And for more, consider Tech Transfer eNews‘s (subscription required) angle on this topic in its recent issue, which is that universities have an equally vital role to play (along with VCs) with regard to programs like DaVenCi. “The initiative — and the article — ignore the potential role of university tech transfer in that effort,” according to eNews. And it adds: “The focus on VC’s shouldn’t stop determined tech transfer managers from marketing their IP.”


Life Sciences Industry Shows Signs of Life

Wednesday, May 9th, 2007

If there was any doubt about the biotech’s global growth potential, a new report from Ernst & Young may help tamp that down.

In its 21st annual report on the life sciences sector, Ernst & Young’s study, Beyond Borders: Global Biotechnology Report 2007, shows strong growth in nearly every industry metric for 2006. Overall capital raised for 2006 was $27.9 billion — a 42 percent increase from the previous year. Overall VC dollars raised globally in 2006 was a record $5.4 billion.

In addition, revenues for public biotech companies globally reached a record high of $70 billion — and revenue growth reached double digit levels in the United States (14 percent), Canada (22 percent), and Europe (14 percent).

Alongside all of this good news (the caveat), the study notes the U.S. biotech industry remains unprofitable in the aggregate, but says industry experts expect to see this improve to profitability by the end of this decade.

In addition, the study found global M&A deals reached the second highest levels in the industry’s history (and deal values with U.S. companies totaled a record $23 billion.) On a more practical level, the study also found the U.S. life sciences industry won 36 product approvals in 2006 — up from 33 approvals in the previous year.

Last, the report showed that U.S. life sciences firms (public and private) earned a total of $59 billion in revenues last year — a 13 percent increase from 2005.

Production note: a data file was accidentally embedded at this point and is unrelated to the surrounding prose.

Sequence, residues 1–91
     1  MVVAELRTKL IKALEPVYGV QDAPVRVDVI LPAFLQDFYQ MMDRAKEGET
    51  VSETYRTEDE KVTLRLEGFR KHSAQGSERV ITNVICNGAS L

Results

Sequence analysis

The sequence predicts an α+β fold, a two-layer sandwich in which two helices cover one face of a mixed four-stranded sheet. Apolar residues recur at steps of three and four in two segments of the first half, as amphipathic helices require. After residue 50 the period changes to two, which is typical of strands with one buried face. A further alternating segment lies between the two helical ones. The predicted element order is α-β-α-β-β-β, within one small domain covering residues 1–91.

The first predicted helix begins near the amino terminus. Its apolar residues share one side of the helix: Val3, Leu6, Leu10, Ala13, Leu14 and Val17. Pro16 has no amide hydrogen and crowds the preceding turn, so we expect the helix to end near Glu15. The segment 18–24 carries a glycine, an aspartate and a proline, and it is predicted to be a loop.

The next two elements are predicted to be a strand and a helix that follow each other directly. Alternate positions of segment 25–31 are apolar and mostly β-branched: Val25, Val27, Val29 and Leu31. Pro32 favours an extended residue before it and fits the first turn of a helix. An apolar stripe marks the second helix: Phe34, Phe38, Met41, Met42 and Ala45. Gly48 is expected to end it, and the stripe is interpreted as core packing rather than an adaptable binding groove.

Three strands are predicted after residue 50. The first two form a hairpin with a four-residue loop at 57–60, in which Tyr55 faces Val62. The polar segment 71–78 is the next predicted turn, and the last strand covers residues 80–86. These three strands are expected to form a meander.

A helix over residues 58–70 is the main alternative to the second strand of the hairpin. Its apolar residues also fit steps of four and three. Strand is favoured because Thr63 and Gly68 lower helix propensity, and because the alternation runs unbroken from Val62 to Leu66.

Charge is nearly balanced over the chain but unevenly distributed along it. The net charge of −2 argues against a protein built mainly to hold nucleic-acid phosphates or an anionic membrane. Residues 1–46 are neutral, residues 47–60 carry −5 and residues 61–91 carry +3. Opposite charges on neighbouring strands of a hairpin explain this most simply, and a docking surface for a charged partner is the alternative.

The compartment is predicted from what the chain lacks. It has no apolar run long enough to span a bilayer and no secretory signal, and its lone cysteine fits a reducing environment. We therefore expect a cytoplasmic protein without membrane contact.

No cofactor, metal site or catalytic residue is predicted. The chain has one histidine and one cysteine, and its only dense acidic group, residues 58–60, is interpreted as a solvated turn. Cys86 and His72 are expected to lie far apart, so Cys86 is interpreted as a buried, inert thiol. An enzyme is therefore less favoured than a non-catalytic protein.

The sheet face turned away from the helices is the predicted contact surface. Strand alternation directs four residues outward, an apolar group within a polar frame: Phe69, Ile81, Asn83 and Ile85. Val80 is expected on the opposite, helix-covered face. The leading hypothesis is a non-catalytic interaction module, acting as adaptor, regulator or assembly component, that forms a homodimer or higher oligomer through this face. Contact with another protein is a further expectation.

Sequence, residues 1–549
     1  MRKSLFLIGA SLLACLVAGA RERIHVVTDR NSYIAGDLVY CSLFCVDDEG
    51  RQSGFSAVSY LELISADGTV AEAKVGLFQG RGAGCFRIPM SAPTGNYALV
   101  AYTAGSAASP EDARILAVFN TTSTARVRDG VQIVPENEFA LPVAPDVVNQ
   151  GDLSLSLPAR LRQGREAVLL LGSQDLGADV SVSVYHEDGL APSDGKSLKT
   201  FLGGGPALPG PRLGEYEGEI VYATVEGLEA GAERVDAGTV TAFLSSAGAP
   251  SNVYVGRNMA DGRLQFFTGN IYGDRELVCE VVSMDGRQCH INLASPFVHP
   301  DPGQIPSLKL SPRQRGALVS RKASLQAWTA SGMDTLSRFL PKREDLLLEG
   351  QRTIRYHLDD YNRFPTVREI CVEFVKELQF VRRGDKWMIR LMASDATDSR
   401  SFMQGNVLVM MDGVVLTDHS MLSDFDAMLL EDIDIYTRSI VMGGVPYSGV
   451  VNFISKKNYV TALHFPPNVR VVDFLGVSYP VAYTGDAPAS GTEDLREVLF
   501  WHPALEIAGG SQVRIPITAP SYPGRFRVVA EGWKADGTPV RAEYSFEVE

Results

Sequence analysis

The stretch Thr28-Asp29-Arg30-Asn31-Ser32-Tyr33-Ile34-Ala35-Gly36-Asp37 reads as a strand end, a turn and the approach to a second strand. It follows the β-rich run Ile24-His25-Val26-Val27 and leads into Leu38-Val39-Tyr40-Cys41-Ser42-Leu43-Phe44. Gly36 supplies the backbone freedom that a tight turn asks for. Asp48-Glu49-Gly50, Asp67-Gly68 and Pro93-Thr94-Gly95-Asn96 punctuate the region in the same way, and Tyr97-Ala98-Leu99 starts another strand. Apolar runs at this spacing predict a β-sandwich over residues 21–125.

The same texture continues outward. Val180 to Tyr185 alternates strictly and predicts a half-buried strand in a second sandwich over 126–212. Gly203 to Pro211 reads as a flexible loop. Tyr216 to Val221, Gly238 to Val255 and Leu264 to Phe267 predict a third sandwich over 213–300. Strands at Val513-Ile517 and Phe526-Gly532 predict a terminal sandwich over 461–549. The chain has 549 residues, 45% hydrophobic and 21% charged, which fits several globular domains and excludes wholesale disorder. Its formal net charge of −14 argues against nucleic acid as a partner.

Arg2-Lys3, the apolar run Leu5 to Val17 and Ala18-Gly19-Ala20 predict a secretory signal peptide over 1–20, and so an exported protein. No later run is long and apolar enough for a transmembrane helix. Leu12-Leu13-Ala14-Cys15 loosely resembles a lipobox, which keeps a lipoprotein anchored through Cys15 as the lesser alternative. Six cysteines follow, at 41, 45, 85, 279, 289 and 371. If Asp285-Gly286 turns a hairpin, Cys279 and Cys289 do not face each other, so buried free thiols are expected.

Supremes Strike a Blow Against Patent Holders

Friday, May 4th, 2007

There’s little doubt the U.S. Supreme Court‘s decision earlier this week on the issue of patent rights was momentous. If you missed the story (it didn’t seem to get a whole lot of front-page coverage), the Supremes handed down a decision that may make it harder to get a patent as well as defend one.

The crux of the issue is whether an idea submitted for patenting passes the “obviousness” test. The court, more or less, ruled on the side of mandating that the U.S. Patent and Trademark Office be more willing to deny patent protection to something that’s less a true innovation and more an ordinary, incremental advance.

For a completely substantive review of this issue, here’s a link to The Wall Street Journal‘s Law Blog, which offers a detailed post on this topic. Look for links to the actual opinion, major news stories, and to various expert legal reviews of the decision.


New Incubator Idea May Fuel More Innovation

Thursday, May 3rd, 2007

Salesforce.com’s Mark Benioff has come up with an idea that is being billed as “Incubator 2.0″ by BusinessWeek.com. As recently reported by BusinessWeek, Benioff last month launched a business incubator within his own company.

The purpose is to bring in startups under one roof and let them at the task of helping build new software solutions for Salesforce.com. The companies invited in get no financing from Benioff and they pay rent (about $20K annually), but they get some traditional incubator services, including watercooler networking with fellow innovators and no worries on office space.

All of this seems fairly unique in the annals of corporate support for R&D of new products and applications. To be sure, there are many who don’t believe business incubation is all its cut out to be, but Benioff’s move certainly is worth tracking in the months ahead. 



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William Garner, M.D., MPH – CEO of Urigen, N.A., Inc.

"The iBridge Network provides an important additional pathway for entrepreneurs to access university innovations that may otherwise have been lost.  read more...